Holy @#&^%.
That's quite..... ummm, LARGE.

02-17-2002, 02:33 AM
HRB

Hiro
02-17-2002, 02:39 AM
The fact that they are basing speeding tickets off of a certain percentage of your total yearly income is completely moronic.

Sir_Froggy
02-17-2002, 02:50 AM
exactly corsec

that's just plain...incomeism? (stuff based on ur income)

is that a word?

Kevster
02-17-2002, 03:12 AM
This news has been around a while (like several months).

Personally, I think this just means don't speed in Finland!

It adds another twist on the phrase "you play... you pay"

Quoted from a news site:

"In Finland, traffic fines generally are
based on two factors: the severity of the offense and the driver's income. The concept has been embedded in Finnish law for decades: When it comes to crime, the wealthy should suffer as much as the poor. Indeed, sliding-scale financial penalties are also imposed for offenses ranging from shoplifting to securities-law violations. "This is a Nordic tradition," says Erkki Wuoma, special planning adviser at the Ministry of Interior. "We have progressive taxation and progressive punishments. So the more you earn, the more you pay."

Hiro
02-17-2002, 03:14 AM
Originally posted by Sir_Froggy
exactly corsec

that's just plain...incomeism? (stuff based on ur income)

is that a word?

don't think so bro.

ThanatoGratus
02-17-2002, 03:21 AM
Originally posted by Corsec

don't think so bro.
at least he's inventive. I think monetarism sounds better.

Kevster
02-17-2002, 03:58 AM
Originally posted by ThanatoGratus

at least he's inventive. I think monetarism sounds better.

It's really simple - you want to visit and drive in Finland, you have to drive by their rules. Period. It's their country, their laws.

If you don't like it, don't go.

molecularfire
02-17-2002, 04:44 PM
Hehehehehe... A Nokia exec. getting screwed by system that uses a Nokia phone. How ironic is that. I still think the guy got screwed and feel sorry for him, but hehehehehe that's just funny. :heh: :heh: :heh:

ChrisMG187
02-17-2002, 05:03 PM
So technically if you didn't have any income, you could speed all you wanted without getting a ticket!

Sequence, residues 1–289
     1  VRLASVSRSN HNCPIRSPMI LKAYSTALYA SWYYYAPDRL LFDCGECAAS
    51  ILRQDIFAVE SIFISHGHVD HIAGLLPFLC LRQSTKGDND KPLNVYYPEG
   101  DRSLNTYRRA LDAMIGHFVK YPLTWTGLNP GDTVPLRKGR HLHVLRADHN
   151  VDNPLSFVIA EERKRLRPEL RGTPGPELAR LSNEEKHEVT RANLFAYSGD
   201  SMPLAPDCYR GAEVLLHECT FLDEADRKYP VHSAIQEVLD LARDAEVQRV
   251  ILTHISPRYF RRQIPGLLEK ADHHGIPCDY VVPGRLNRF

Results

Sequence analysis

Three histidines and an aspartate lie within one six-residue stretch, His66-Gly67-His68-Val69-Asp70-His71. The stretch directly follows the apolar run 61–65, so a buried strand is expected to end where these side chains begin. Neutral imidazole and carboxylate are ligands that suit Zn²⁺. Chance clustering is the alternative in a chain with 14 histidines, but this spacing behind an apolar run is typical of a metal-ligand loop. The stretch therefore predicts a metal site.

leemaj
02-17-2002, 06:22 PM
ill move to finland and speed...i make no money, so it shouldnt be a problem

leemaj
02-17-2002, 06:23 PM
ill speed in my 93 v6 camry...as seen below in my sig. :)

nomoney
02-18-2002, 12:17 AM
HRB

Shhhhhhhhh...

brain
02-18-2002, 12:32 AM
Isn't it ironic that this Nokia exec got screwed by his own company's creation?

DoPeY5007
02-18-2002, 03:27 PM
:eek: and I thought \$100 was a lot for a ticket…

So according to this law then, say a non working high school student get pulled over for speeding the fine will be \$0 because they don’t work :heh:

BigJon
02-18-2002, 05:21 PM
Why doesn't he just give them one of those expensive Nokia phones plated with gold and jewels?

Grimm
02-22-2002, 03:29 PM
I like the idea.
Tink about it. If someone made 10s of millions of dollars a year a \$200 speeding ticket would be like a 60 cent fine to one of us! There is no economic incentive to obey the law. Now a \$100,000 fine would get their attention and impose no economic hardship.
Now some guy that makes \$24,000 a year and has 3 kids can't afford \$200 for a ticket. He needs the money for food! \$20 will get his attention quite well, thank you. No need to starve his kids over an infraction.

It's a good idea, it's fair. It's about enforcing the law. They realize the law is for everyone, not just the poor and middle class!

molecularfire
02-22-2002, 03:30 PM
Hey, I currently OWE \$100,000. If I get caught speeding, do I get money? :eek:

DoPeY5007
02-22-2002, 03:48 PM
Originally posted by molecularfire
Hey, I currently OWE \$100,000. If I get caught speeding, do I get money? :eek: :heh: nice try :P

[BH]Thorn
03-02-2002, 03:29 PM
/me thinks Dopey is gonna move to Finland so he can be a broke student and speed all day :)

AmRivlin
03-02-2002, 11:37 PM
god bless america

I have yet to be pulled over